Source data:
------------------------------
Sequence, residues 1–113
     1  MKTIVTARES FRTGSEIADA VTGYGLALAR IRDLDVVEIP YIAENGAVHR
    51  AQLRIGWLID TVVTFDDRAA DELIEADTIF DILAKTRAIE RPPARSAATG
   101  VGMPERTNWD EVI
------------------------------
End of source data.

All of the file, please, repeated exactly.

Sequence, residues 1–113
     1  MKTIVTARES FRTGSEIADA VTGYGLALAR IRDLDVVEIP YIAENGAVHR
    51  AQLRIGWLID TVVTFDDRAA DELIEADTIF DILAKTRAIE RPPARSAATG
   101  VGMPERTNWD EVI